The University of Saskatchewan’s main campus is situated on Treaty 6 Territory and the Homeland of the Métis.

Fee assessment update shocks U of S nursing students

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The Leslie & Irene Dubé Health Sciences Library photographed at the University of Saskatchewan on June 7, 2019. THE SHEAF/Heywood Yu

On April 2, University of Saskatchewan nursing students received an email on behalf of the  Registrar’s Office detailing a fee adjustment for several nursing classes.

The affected classes range from the Spring 2019 term through Winter 2020. The additional fees have been added to eight nursing classes, impacting students from all years of the program in amounts varying from $10 to $200 depending on the class.

Concerns have been raised on social media about students’ ability to pay the fees since classes have been cancelled and many students have lost their source of income due to the COVID-19 outbreak. 

Dan Stumborg, a fourth-year nursing student who is graduating this year, claims that there was no proper communication between students and the university on this issue. According to the email, students were made aware of these fees at consultations that were conducted in early 2019. However, Stumborg insists that “no communication about these fees has ever been mentioned” to him.

“We feel extorted by the university and are feeling like our voice isn’t being heard,” Stumborg said. 

The email the students received stated that the additional fees would be applied to individual student records by April 3, resulting in a hold on their accounts. This would affect students’ ability to change their registration status and access their final grades for the semester or their transcripts.

“The college is holding this information over our heads and says it will not send out our completion or transcripts until these fees are paid,” Stumborg said.

The Saskatchewan Registered Nurses’ Association released information about the need for nurses during the pandemic, but Stumborg says that not having a transcript will make it difficult for him to obtain an Emergency Practicing license.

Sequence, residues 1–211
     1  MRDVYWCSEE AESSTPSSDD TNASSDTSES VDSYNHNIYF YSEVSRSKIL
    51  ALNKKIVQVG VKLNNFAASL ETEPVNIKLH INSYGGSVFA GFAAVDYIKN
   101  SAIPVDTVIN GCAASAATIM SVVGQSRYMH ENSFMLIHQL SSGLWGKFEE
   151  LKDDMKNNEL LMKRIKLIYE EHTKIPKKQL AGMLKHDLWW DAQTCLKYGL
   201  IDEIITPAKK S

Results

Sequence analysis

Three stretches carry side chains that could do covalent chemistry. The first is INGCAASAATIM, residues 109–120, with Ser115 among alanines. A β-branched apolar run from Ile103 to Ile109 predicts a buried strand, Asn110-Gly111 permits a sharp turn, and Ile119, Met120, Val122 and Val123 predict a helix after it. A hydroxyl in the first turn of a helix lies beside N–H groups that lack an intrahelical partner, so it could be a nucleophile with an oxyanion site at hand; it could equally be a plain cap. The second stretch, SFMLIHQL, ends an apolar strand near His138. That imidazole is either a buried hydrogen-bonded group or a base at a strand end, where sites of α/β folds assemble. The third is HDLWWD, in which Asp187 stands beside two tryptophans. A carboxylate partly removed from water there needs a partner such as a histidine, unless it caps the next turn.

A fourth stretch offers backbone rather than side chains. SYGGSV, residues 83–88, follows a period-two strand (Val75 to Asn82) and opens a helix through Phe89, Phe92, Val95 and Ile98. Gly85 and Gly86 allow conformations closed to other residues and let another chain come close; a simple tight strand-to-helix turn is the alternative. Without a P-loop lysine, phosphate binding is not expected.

The registrar’s email states that a “technical oversight” led to the delay in processing the fees, which were approved in 2019 but not collected. No late penalties will be incurred if students pay the outstanding fees by August. The office also plans to work with students to “assist in any problems” that arise with their records.

Lois Berry, Interim Dean of the College of Nursing, made a statement to the Sheaf regarding the fee readjustments. Berry acknowledges that the message would have been difficult for students  and understands their frustration.

“The College of Nursing is working with the Registrar’s Office to try and minimize the impact on our students through access to emergency funding and waiving monthly late fee penalties,” Berry said.

“Moving forward, the Registrar’s Office and the College of Nursing will implement proactive cross-checking measures to verify that data entry into the registration is accurate and that students are informed of the nature of all fees through their course syllabi.”

Students are still hoping to have the fees revoked. They are taking matters into their own hands by creating a petition and contacting the media, MLAs and the health minister about the matter.

“We did not want to get anyone else involved, but at this point we don’t feel [like] we have a choice,” Stumborg said.

Erin Matthews | Opinions Editor

Photo: Heywood Yu

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